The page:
By Nikki Jamieson
Southern Alberta Newspapers
Make sure to stay safe and healthy this Halloween season.
While many will agree that the pandemic is scary enough, there are still plenty of ways to enjoy Halloween this year.
“I know Halloween is a favourite day for many. And I know many parents are already planning costumes and activities. I have no plans to suggest that Albertans cancel Halloween this year. My own children would never forgive me,” said Dr. Deena Hinshaw, chief medical officer for health for Alberta.
“In many ways, Halloween is actually safer to celebrate than other holidays. Unlike Thanksgiving, for example, where families traditionally gather inside to enjoy dinner together, most of Halloween’s activities take place outdoors and largely within one family. However, we do need to make it as safe as possible to celebrate this year.”
If you are dressing up for Halloween, make sure to choose a costume that a non-medical face mask can fit under comfortably, so you won’t need to adjust repeatedly. If trick-or-treating is on your itinerary, take care to go only with family or cohort member and to socially distance from others. Stay in your own neighbourhood to help limit the number of people you come in contact with.
Carry hand sanitizer with you, and use it after touching frequently touched objects like doorbells and railings, and when possible, knock or make sure to stay two metres away from the door when you call out ‘trick-or-treat’.
Wait until you are home and have washed your hands before handling any candy.
Posters are available at http://www.alberta.ca/halloween-during-covid19 to tell trick-or-treaters whether or not you are handing out candy this year, which you can hang on your window or door.
If you choose to hand out candy, it is recommended that you keep a safe distance from trick-or-treaters.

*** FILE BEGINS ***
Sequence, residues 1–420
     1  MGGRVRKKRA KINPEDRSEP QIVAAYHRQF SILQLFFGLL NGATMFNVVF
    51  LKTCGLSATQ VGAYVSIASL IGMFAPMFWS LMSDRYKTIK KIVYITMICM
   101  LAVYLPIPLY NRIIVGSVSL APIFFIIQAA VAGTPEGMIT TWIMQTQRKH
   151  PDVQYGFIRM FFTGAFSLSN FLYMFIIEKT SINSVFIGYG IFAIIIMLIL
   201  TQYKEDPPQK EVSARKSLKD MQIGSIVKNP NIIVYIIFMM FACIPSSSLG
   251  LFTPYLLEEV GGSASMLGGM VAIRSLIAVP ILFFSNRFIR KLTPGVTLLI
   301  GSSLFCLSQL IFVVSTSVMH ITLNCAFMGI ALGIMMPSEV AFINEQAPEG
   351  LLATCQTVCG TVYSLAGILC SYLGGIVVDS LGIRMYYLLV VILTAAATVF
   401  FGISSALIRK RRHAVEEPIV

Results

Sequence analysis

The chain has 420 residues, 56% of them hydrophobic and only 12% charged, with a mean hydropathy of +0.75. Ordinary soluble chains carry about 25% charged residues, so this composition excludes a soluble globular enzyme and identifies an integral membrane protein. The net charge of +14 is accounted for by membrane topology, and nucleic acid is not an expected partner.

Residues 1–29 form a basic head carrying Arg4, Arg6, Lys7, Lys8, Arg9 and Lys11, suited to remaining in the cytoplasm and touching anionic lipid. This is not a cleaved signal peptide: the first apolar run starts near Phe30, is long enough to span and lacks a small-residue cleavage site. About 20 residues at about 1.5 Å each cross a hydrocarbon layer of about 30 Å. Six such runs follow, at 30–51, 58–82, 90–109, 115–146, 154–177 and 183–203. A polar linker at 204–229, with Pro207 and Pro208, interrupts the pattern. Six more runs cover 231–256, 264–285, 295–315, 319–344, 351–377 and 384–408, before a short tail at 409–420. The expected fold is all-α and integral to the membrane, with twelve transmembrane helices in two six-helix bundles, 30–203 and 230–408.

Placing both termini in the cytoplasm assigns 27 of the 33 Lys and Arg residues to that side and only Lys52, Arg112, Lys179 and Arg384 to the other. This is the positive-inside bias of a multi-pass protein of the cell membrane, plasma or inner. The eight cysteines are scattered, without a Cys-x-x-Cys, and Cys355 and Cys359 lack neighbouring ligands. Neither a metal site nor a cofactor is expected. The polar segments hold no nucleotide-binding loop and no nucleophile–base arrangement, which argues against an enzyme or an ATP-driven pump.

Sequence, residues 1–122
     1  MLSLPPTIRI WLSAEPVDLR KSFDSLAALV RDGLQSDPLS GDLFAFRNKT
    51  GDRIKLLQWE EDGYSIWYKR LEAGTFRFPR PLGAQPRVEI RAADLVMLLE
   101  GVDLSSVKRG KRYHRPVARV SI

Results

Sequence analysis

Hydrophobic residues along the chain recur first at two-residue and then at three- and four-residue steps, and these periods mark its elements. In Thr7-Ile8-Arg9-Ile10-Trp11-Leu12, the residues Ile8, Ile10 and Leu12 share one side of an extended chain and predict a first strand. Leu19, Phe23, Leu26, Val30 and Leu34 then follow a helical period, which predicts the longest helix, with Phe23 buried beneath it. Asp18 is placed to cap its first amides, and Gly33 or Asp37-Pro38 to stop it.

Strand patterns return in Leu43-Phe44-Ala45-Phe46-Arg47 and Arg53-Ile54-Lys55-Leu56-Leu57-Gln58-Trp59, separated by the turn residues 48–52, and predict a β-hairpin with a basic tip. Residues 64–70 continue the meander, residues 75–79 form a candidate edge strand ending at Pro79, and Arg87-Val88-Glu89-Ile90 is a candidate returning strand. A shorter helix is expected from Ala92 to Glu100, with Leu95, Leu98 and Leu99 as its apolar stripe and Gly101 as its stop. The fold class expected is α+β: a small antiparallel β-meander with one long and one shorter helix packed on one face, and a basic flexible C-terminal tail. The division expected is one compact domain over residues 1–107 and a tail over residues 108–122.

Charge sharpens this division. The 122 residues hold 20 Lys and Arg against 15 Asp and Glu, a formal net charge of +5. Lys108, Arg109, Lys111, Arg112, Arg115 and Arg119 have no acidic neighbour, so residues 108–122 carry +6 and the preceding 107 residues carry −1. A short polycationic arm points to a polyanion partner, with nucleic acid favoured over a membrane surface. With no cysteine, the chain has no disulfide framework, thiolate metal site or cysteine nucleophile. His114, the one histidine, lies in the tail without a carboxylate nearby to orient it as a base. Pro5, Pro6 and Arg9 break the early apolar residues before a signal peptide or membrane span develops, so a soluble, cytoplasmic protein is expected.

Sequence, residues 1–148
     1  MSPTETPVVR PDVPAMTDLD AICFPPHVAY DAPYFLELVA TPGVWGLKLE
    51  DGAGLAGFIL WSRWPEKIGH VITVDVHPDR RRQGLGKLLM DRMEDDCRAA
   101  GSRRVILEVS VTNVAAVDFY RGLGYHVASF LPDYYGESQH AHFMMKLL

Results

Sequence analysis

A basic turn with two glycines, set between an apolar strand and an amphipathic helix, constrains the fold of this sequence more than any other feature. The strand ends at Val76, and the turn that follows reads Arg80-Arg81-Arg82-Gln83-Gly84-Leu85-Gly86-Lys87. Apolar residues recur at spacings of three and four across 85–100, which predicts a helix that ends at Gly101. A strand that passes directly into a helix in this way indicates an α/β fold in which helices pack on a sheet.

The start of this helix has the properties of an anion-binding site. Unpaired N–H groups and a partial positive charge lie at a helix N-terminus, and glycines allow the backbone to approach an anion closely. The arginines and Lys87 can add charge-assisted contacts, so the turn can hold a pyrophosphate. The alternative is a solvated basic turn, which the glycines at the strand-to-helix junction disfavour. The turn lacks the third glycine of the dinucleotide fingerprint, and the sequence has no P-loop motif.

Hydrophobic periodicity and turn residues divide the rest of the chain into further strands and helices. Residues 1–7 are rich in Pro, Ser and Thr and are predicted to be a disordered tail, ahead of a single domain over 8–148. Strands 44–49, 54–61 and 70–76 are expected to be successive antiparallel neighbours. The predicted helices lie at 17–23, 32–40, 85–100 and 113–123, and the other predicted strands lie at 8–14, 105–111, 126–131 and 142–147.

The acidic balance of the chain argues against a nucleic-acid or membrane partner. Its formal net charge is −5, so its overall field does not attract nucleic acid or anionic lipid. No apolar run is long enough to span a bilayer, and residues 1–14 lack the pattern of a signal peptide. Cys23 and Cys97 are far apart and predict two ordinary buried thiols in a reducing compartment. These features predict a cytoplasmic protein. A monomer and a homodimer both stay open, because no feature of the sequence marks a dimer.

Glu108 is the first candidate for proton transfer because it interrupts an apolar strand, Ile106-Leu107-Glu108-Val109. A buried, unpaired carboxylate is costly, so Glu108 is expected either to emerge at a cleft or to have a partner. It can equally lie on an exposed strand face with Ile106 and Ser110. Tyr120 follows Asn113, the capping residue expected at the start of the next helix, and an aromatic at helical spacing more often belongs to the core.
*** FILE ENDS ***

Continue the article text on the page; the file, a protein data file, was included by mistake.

If possible, give out candy from the driveway, open garage, or lawn instead of your front door. If that is not an option, utilize a table or desk to help keep your distance from trick-or-treaters. Make sure to wear a mask and use tongs or grabbers to handle candy, and avoid handling it as much as possible. Use prepackaged candy instead of home-made treats, and hand them out directly from the package they came in, or make candy bundles and space them out on a table or similar surface for trick-or-treaters to take, but do not leave out self-serve bowls or bulk candy.
People are urged to get creative when handing out candy, and build things such as a candy chute down the front steps or another fun way to hand out candy. If parties are more your thing, try to keep it to a small group of people you know. If possible, try to host your party outside, as it’s easier to maintain social distancing and there’s better air circulation. If you are having an indoor event, keep it as small as possible, and be sure to maintain two metres between each family and cohort.
Don’t share food, drinks or other treats, and choose activities that won’t involve sharing of items. Make sure to wash or sanitize your hands and have hand sanitizer on hand.
For guidelines on outdoor events, visit http://www.alberta.ca/assets/documents/covid-19-relaunch-guidance-outdoor-events.pdf
For guidelines on indoor events, visit http://www.alberta.ca/assets/documents/covid-19-relaunch-guidance-indoor-events.pdf.
For more information, visit alberta.ca/Halloween.